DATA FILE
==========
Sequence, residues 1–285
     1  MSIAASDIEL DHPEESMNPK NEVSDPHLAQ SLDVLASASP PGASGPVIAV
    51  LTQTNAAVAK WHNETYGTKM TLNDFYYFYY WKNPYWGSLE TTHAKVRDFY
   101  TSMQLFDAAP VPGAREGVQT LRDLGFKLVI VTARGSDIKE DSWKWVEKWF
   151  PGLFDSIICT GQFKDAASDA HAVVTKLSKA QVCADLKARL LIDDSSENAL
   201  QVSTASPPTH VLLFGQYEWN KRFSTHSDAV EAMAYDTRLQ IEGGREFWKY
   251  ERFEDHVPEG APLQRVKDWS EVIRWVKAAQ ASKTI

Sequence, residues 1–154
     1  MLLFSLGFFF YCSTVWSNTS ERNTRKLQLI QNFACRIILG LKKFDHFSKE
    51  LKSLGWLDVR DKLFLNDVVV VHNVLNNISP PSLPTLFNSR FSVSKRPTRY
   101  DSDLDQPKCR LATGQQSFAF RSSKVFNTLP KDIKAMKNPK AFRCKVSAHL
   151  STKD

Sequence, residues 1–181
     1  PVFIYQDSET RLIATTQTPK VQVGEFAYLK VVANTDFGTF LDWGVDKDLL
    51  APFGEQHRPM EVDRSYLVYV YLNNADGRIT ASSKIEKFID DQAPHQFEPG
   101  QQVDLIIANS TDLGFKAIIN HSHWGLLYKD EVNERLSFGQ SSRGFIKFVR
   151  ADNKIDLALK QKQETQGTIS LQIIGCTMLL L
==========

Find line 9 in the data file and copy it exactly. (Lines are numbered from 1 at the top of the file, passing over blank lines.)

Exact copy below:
     1  MLLFSLGFFF YCSTVWSNTS ERNTRKLQLI QNFACRIILG LKKFDHFSKE